The report states the two most important technologies for the energy transition in Mpumalanga will be wind and solar photovoltaic energy, which will also make the largest contributions to job creation: up to 43 000 jobs in solar PV and 28 900 jobs in wind energy by 2030.

Sifiso Hlatshwayo was an employee at Camden from 2019 until he was retrenched in December 2021. Photo: Thabo Molelekwa, Oxpeckers

Meaningless figures

For people such as Sifiso Hlatshwayo from Wesselton, these figures are meaningless. The 30-year-old former Eskom machine operator was an employee at Camden from 2019 until he was retrenched in December 2021.

He says he is aware of other retrenchments at Komati power station “because of this transition. It doesn’t make sense that the transition will create more jobs while we just got retrenched and are doing nothing at home.

“When is it going to create the jobs the government is talking about? I want to work now.”

Hlatshwayo says he hasn’t seen or heard about government consultations, and that it is important for the government to use financial pledges from the international community to open training facilities to train and reskill people.

“The government should have reskilled a lot of employees instead of retrenching them,” he says. “There should be learnerships for out-of-school youth about this so that people can qualify to work in the transitioned power plants.”

Reskilling programmes

While people on the ground who spoke to Oxpeckers are unaware of reskilling programmes, Eskom says people employed at power stations due to be decommissioned are “being trained to obtain skills in the renewable industry so they may be able to manufacture, install and service the renewable energy components required to operate the repurposed power stations”.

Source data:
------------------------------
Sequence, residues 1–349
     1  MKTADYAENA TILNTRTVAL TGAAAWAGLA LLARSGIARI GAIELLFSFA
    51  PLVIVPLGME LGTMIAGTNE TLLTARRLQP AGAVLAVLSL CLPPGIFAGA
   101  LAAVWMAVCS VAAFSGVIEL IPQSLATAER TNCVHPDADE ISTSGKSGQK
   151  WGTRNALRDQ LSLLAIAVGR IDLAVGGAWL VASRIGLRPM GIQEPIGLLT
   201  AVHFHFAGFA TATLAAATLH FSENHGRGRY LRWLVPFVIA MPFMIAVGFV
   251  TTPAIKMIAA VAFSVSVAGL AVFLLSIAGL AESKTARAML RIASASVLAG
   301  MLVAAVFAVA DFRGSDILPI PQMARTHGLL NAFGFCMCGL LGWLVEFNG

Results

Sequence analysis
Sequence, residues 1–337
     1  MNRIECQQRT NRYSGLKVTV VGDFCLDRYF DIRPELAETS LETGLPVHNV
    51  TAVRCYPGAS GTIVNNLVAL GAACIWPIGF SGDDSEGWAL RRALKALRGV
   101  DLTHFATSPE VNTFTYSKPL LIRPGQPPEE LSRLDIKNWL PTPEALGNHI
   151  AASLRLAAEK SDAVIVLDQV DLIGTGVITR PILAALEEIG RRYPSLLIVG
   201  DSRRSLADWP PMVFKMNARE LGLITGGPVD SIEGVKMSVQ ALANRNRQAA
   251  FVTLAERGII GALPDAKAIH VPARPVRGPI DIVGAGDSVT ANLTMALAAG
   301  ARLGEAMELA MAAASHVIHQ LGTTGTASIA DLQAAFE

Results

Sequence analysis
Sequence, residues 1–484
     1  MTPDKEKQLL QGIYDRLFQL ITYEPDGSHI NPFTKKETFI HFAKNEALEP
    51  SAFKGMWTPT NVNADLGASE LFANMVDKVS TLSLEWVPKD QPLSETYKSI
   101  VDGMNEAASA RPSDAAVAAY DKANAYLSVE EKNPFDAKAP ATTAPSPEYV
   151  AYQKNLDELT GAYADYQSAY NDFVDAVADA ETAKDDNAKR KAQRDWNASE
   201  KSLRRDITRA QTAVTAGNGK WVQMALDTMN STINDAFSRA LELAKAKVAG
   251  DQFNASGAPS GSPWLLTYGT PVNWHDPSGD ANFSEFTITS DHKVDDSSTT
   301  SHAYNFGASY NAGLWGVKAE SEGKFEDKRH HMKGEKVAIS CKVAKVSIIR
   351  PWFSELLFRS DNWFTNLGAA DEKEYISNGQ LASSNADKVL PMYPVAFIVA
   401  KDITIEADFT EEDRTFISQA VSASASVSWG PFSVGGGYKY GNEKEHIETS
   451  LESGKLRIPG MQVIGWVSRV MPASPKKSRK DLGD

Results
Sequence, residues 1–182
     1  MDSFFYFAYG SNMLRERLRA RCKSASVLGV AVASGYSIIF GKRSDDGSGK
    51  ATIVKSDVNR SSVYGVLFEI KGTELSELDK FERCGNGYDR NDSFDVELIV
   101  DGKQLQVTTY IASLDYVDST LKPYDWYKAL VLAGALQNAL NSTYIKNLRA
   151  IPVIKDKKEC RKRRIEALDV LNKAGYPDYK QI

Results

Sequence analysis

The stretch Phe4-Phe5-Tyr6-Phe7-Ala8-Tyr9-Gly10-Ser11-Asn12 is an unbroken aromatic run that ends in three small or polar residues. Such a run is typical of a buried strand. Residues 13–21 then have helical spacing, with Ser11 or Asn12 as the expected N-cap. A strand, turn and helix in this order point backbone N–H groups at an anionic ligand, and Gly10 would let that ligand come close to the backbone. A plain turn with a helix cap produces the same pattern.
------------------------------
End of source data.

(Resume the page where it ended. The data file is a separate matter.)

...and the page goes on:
“To achieve this end, and in partnership with the Cape Peninsula University of Technology’s South African Renewables Energy Technology Centre and recognised labour unions represented at Eskom, Eskom has established an accredited training centre at the Komati power station,” an Eskom spokesperson, who asked not to be named, said in response to Oxpeckers questions.

“Those whose skills are required at other coal-fired power stations get transferred to those stations to meet the staffing requirements there. As part of the shutdown plan, extensive socio-economic studies were conducted which included widespread consultation with all communities around the affected power stations.”

And, most importantly, he said, Eskom assures all its employees that “no Eskom employee will lose their jobs because of the JET”.

The spokesperson said employees who no longer work at Komati had either resigned, retired or were transferred to other stations.

“Eskom plans to use its limited funding to catalyse the construction of renewables plants across the country,” the spokesperson said. “This is demonstrated by the leasing of land at Eskom power stations to allow private participants to rapidly bring online new generating capacity, inter alia.”